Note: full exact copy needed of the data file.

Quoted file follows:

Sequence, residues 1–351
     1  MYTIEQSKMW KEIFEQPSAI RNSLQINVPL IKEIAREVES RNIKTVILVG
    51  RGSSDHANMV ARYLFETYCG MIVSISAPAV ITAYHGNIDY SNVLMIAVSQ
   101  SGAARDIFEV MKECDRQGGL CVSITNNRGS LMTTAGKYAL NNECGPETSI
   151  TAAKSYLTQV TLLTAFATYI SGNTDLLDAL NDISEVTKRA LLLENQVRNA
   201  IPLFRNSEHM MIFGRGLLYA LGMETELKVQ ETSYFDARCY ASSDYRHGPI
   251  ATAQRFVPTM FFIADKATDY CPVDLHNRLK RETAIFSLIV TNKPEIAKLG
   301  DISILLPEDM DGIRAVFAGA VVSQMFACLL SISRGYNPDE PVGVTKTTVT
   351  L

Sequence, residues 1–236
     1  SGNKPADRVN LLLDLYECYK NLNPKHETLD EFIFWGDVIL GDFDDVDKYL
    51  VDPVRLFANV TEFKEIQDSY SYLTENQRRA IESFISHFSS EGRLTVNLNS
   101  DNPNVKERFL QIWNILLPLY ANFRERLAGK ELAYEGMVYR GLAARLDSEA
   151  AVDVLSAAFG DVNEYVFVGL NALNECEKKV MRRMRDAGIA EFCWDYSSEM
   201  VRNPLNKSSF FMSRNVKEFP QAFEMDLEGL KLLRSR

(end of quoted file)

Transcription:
Sequence, residues 1–351
     1  MYTIEQSKMW KEIFEQPSAI RNSLQINVPL IKEIAREVES RNIKTVILVG
    51  RGSSDHANMV ARYLFETYCG MIVSISAPAV ITAYHGNIDY SNVLMIAVSQ
   101  SGAARDIFEV MKECDRQGGL CVSITNNRGS LMTTAGKYAL NNECGPETSI
   151  TAAKSYLTQV TLLTAFATYI SGNTDLLDAL NDISEVTKRA LLLENQVRNA
   201  IPLFRNSEHM MIFGRGLLYA LGMETELKVQ ETSYFDARCY ASSDYRHGPI
   251  ATAQRFVPTM FFIADKATDY CPVDLHNRLK RETAIFSLIV TNKPEIAKLG
   301  DISILLPEDM DGIRAVFAGA VVSQMFACLL SISRGYNPDE PVGVTKTTVT
   351  L

Sequence, residues 1–236
     1  SGNKPADRVN LLLDLYECYK NLNPKHETLD EFIFWGDVIL GDFDDVDKYL
    51  VDPVRLFANV TEFKEIQDSY SYLTENQRRA IESFISHFSS EGRLTVNLNS
   101  DNPNVKERFL QIWNILLPLY ANFRERLAGK ELAYEGMVYR GLAARLDSEA
   151  AVDVLSAAFG DVNEYVFVGL NALNECEKKV MRRMRDAGIA EFCWDYSSEM
   201  VRNPLNKSSF FMSRNVKEFP QAFEMDLEGL KLLRSR